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On Rabbinic Officiation at Interfaith Weddings

In March 1996 the Central Conference of American Rabbis (the association of Reform rabbis) considered its position on rabbinic officiation at intermarriages.

I write about our experience in the hope that it will serve to enlighten those who have preconceived notions about the circumstances, feelings and reactions of both a couple and their parents when an interfaith marriage is about to occur. It is several years since this experience took place; I hope that circumstances have improved since that time.

My son Edward met his future wife, Katherine, during his senior year at Rhode Island School of Design and from that point on they were for each other in a way that many of us can envy. After about five years, and only after jointly attending a nine-week intermarriage course at the 92nd Street Y in New York, they announced their engagement. As I held my breath, they talked about the wedding: who would hold the chuppah (wedding canopy), the need to find a band in her hometown that knew how to play Hava Nagila and, of course, where they would find a rabbi. I was glad we were in the car and it was night time so they could not see my tears. Their wedding, home and children would be Jewish. Katie made these decisions with a whole heart and without coercion--out of love for Edward and a recognition of what Judaism means to him. What a beautiful gift!

So our son--a committed Jew who had studied beyond confirmation, substituted at our religious school and even belonged to a shomer shabbos (Sabbath-observant) scout troop--and his lovely, intelligent and sensitive Presbyterian fiancee began negotiating the Reform rabbinic search maze of interfaith weddings. While some rabbis were supportive and helpful, many were not. Confusingly, they each had their own criteria regarding under what conditions they would officiate, but often, even when those criteria were met, they declined.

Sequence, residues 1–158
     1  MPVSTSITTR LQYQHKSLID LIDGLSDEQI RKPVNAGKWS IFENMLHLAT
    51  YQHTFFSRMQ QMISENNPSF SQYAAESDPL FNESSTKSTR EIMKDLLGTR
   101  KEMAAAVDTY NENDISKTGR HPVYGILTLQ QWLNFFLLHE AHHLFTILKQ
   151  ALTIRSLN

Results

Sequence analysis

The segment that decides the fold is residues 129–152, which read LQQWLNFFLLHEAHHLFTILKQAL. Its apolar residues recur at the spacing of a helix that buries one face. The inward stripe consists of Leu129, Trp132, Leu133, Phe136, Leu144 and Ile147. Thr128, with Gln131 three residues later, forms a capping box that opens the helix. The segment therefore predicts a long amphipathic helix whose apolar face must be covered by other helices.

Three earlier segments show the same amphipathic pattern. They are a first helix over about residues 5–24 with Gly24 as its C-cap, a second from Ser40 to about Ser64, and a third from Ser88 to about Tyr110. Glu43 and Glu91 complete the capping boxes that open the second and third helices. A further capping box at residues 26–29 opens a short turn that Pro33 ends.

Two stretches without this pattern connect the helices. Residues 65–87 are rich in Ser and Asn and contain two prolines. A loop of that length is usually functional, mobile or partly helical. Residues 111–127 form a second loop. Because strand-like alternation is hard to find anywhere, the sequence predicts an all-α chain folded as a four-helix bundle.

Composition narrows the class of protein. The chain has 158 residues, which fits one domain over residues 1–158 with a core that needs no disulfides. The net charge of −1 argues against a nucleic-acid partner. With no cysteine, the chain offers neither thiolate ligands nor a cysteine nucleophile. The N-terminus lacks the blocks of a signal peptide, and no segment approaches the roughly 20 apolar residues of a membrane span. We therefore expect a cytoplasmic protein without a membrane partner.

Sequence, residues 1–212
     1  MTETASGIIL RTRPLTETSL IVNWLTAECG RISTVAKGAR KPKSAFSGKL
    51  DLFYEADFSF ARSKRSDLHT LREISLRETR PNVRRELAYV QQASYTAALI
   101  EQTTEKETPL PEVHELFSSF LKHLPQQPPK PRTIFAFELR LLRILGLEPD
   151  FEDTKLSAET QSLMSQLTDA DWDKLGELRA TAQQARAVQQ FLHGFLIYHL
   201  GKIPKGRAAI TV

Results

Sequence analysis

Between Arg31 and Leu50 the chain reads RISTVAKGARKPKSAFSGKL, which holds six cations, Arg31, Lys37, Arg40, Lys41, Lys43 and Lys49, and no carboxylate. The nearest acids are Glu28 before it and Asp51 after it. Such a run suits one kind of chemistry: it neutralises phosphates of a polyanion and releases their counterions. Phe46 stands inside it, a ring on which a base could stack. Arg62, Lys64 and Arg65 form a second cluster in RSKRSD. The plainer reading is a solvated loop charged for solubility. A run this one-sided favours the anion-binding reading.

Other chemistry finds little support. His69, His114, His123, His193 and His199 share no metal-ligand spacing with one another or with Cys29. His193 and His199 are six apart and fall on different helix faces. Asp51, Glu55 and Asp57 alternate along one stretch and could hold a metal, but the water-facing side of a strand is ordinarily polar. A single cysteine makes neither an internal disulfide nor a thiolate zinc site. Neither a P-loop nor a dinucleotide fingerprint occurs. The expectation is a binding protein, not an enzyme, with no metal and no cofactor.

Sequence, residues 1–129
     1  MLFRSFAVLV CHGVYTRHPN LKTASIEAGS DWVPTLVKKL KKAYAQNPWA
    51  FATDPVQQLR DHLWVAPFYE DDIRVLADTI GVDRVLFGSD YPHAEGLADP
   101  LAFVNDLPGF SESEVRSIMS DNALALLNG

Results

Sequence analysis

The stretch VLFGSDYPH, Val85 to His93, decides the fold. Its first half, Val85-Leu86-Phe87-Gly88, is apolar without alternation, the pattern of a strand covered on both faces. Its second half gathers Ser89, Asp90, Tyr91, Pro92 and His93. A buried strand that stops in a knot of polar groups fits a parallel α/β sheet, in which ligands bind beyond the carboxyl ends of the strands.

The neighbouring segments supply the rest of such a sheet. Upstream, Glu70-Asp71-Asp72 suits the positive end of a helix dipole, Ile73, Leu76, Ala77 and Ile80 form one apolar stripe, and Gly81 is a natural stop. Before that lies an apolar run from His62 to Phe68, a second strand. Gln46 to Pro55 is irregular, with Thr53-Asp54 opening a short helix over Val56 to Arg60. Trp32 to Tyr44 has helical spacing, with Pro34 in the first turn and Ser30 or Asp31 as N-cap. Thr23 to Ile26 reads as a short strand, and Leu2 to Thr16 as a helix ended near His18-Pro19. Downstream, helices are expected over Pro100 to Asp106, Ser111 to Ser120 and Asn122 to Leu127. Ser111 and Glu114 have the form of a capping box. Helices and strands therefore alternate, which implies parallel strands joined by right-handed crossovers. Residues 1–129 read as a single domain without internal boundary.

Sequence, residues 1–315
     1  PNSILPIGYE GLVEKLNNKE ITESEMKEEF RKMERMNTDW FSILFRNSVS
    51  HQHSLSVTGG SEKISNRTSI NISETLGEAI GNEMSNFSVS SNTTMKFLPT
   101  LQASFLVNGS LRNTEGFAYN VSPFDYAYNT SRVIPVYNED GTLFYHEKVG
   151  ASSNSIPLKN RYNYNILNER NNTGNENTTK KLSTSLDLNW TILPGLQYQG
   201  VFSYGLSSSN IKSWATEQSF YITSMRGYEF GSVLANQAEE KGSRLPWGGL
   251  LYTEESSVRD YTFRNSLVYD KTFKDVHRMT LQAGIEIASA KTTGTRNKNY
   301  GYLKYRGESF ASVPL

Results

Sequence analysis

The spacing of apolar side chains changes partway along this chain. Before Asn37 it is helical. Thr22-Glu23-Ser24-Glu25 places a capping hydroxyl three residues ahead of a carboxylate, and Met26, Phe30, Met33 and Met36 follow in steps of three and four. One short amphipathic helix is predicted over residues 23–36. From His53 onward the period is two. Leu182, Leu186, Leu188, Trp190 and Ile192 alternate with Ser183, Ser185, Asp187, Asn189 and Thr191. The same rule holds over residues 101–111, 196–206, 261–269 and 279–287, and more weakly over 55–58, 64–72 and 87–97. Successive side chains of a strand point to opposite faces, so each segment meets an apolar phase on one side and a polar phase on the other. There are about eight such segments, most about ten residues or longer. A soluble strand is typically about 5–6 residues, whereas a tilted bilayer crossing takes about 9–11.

There was:
* the rabbi who never returned their calls.
* the rabbi in Katie's home town who said that he would have gladly done it but that his congregation would not allow it. Some of those congregants were at the wedding; they contradicted his claim.
* the rabbi who would marry an atheist and a Jew but not two people who believe in God in different ways.
* the rabbi in another part of Katie's home state whom I begged to talk to my son so he would see that they met his requirements, but who then told Edward that he did not want to drive to xxxxxxxx. (We would have provided transportation.)
* the cantor and opera singer who would have charged $1000 plus expenses (seven years ago). Katie's reaction to this was, "If we have to pay that we will, but I'll have to keep it secret from my parents." I could not help thinking about stereotypes of Jews and money.
* Finally, there was the rabbi who said, "You'll never get a rabbi to go to xxxxxxxx on Memorial Day Weekend to officiate at a mixed marriage. Forget it!"

Had I been Katie, I would have said just that: "Forget it! My minister or nothing." But her dedication and determination exceeded my own. Ironically, Katie's minister offered to try to locate a rabbi for them--and even presented them with a seder plate as a wedding gift.